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Name: Joy Gardner
Question: I have been inactive for several months and my garden has received minimal attention. During this period a garden adjacent to mine, & managed by the local authority, has produced masses of ivy that has now grown over & under the dividing fence and become a dreadful nuisance for me. I have approached the local authority concerned and request that they control the ivy but they replied that they could only use a strimmer as it is illegal to use any chemical deterrents. Can you advise how I might control this nuisance that has invaded all my garden including the lawn? I'm at my wits end!
Answer: Hi Joy, it is unfortunate when this happens and all you can do is to try and keep control of the plant growth on your side of the fence. Strong chemical herbicides such as Glyphosate or Vitax SBK Brushwood Killer aren’t always effective on ivy due to its glossy moisture-resistant leaves. Ivy is very resilient - if you decided to spray the ivy on your side of the fence, the plant would have many healthy new shoots on the council’s side in which to recover from. Ideally the entire plant would need spraying multiple times. You could try erecting a physical barrier at the base of your fence to prevent the ivy shoots creeping across the soil surface into your garden. This could be made of paving slabs turned on their side, wood, metal or relatively thick plastic. I would dig the barrier down to at least 15cm (6") to make absolutely sure it is effective. Any ivy coming through the sides or over the top of your fence will need regular pruning to prevent it taking root in your garden. I hope this helps Joy.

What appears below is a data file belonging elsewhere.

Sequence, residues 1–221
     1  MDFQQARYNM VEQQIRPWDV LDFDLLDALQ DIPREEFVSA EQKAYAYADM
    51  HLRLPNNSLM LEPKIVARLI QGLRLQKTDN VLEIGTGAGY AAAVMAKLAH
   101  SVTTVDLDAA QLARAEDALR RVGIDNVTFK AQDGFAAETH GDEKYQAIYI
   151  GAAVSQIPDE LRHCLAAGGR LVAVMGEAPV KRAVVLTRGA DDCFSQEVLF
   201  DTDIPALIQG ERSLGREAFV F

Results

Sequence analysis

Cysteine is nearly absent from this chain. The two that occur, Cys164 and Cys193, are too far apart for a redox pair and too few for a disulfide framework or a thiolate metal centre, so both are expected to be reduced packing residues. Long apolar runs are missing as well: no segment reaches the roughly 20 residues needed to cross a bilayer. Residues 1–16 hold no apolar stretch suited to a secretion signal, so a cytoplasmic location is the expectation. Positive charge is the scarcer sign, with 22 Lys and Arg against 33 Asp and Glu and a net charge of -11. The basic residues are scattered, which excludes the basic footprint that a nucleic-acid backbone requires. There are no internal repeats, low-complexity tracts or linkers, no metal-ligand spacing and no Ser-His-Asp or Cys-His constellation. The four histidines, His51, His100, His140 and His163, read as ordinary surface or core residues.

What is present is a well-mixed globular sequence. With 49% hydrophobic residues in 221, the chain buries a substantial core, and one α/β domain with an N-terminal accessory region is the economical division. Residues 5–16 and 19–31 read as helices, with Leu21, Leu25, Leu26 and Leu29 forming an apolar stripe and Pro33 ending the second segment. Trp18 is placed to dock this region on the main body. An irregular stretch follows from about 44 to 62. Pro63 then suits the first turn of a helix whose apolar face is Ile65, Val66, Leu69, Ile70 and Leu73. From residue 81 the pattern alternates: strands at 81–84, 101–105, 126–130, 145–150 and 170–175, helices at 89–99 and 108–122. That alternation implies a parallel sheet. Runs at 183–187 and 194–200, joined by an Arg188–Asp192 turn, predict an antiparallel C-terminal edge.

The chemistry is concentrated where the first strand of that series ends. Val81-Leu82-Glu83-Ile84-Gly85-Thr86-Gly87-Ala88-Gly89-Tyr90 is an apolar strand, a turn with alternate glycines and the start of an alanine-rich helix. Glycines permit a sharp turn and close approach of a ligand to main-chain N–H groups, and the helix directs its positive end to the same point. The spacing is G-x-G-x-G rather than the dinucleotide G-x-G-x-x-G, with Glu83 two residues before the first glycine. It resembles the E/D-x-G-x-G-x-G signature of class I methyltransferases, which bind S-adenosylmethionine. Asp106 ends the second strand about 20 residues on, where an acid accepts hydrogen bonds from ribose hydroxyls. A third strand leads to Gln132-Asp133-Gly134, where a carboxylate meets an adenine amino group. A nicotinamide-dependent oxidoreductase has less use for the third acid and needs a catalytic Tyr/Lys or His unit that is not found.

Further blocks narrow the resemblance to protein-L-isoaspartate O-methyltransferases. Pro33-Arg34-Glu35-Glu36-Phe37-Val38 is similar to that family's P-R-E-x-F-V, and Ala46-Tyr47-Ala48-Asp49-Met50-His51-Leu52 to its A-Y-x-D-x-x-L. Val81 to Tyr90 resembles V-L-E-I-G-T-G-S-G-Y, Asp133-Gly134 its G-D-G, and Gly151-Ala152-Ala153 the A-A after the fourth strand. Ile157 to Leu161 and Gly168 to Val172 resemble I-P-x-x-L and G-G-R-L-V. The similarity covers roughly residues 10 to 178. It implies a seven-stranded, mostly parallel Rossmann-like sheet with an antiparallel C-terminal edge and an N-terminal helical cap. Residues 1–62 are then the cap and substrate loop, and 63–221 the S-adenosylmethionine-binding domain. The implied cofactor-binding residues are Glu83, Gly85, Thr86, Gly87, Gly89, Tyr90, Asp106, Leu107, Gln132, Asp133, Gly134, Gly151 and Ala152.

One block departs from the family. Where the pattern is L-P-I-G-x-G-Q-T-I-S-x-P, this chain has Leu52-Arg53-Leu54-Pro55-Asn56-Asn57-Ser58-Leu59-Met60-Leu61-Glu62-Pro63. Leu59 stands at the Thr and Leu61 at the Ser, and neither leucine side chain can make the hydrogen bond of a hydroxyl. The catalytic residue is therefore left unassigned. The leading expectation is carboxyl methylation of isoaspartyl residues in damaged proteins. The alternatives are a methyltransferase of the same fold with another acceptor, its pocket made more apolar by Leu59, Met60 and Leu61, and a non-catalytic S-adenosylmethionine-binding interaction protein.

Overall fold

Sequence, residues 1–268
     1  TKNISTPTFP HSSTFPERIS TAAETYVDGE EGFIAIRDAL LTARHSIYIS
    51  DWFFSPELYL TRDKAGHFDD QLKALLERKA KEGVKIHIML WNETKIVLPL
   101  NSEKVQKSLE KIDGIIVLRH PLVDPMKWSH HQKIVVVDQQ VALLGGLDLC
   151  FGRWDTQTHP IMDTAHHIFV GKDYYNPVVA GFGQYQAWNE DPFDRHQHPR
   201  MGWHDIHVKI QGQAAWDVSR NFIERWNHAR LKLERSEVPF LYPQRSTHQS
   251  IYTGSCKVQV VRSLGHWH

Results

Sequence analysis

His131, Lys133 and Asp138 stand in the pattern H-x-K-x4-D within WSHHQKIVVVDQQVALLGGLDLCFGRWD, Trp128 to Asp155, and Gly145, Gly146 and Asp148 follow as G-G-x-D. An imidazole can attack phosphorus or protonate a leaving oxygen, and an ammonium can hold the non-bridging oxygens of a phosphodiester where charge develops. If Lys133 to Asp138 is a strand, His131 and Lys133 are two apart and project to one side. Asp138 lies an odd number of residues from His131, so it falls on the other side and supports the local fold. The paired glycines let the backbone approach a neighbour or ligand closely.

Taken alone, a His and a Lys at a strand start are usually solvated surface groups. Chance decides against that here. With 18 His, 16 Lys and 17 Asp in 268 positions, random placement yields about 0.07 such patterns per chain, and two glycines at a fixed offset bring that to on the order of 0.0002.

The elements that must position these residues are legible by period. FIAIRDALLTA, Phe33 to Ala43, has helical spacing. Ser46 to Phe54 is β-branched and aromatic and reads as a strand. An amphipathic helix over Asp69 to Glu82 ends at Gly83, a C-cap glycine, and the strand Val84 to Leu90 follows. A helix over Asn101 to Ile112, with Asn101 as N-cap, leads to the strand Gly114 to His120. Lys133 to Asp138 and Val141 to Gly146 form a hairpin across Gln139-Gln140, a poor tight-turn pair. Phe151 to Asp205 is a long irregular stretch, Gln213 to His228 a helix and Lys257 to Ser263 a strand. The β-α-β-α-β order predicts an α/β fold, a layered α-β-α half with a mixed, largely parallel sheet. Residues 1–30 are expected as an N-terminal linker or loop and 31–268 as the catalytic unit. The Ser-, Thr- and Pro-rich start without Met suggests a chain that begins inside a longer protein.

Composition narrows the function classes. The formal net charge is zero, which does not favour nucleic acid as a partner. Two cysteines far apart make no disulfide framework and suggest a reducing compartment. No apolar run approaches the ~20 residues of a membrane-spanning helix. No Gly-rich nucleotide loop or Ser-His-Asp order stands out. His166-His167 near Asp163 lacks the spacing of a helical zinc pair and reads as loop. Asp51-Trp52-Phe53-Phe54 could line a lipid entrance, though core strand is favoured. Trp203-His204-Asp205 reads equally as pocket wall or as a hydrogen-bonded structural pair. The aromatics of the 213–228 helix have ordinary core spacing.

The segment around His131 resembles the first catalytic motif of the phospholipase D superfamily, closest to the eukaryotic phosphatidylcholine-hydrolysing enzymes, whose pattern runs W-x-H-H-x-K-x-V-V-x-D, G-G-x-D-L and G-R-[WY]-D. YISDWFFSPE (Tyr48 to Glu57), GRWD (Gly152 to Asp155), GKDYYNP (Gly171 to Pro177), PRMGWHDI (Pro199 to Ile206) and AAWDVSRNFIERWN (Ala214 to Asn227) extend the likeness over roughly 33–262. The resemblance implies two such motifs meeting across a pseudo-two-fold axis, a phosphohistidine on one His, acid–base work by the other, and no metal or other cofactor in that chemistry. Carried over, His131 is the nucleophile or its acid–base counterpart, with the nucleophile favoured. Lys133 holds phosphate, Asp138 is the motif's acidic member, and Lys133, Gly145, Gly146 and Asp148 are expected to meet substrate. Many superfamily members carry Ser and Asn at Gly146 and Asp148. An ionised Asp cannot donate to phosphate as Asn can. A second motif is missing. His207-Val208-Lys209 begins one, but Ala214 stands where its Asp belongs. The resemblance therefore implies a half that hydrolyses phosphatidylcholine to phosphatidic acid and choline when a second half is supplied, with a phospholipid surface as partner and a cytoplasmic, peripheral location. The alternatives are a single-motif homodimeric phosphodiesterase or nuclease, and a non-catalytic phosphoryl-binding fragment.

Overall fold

Name: Sarah Griffiths
Question: My tomato plants are nearly 5ft tall and have hardly produced any flowers/tomatoes, have trimmed them down to ensure growth on main stalks, am watering and feeding, any advice? Can hardly move in my greenhouse due to the jungle they are creating!
Answer: Hi Sarah, it’s normal in the UK for tomato plants to start producing flowers and fruit from July onwards. I find August and September the best months for flower and fruit production. Your tomato plants also look very lush and green which could be a sign that they are being slightly over-fertilised, or your fertiliser contains high levels of nitrates. Well-fed plants are more likely to put energy into leaf and stem growth at the expense of flowering. You could try easing off the fertiliser, making sure that when you do fertilise, you use one with a low nitrogen content such as Chempak Soluble Tomato Food. This tomato food also contains calcium and magnesium to help fruits set and prevent blossom end rot. The lower leaves of tomato plants may naturally turn yellow and eventually fall so don’t worry if this happens - it shouldn’t be detrimental to cropping. It’s also worth making sure your greenhouse is well ventilated on hot days as very high temperatures can cause the flowers to abort. Indoor plants also benefit from being shaken, to dislodge the pollen in the flowers for good fruit set. I hope this helps Sarah, best of luck with your tomatoes, I’m sure you’ll be seeing bumper crops later this summer.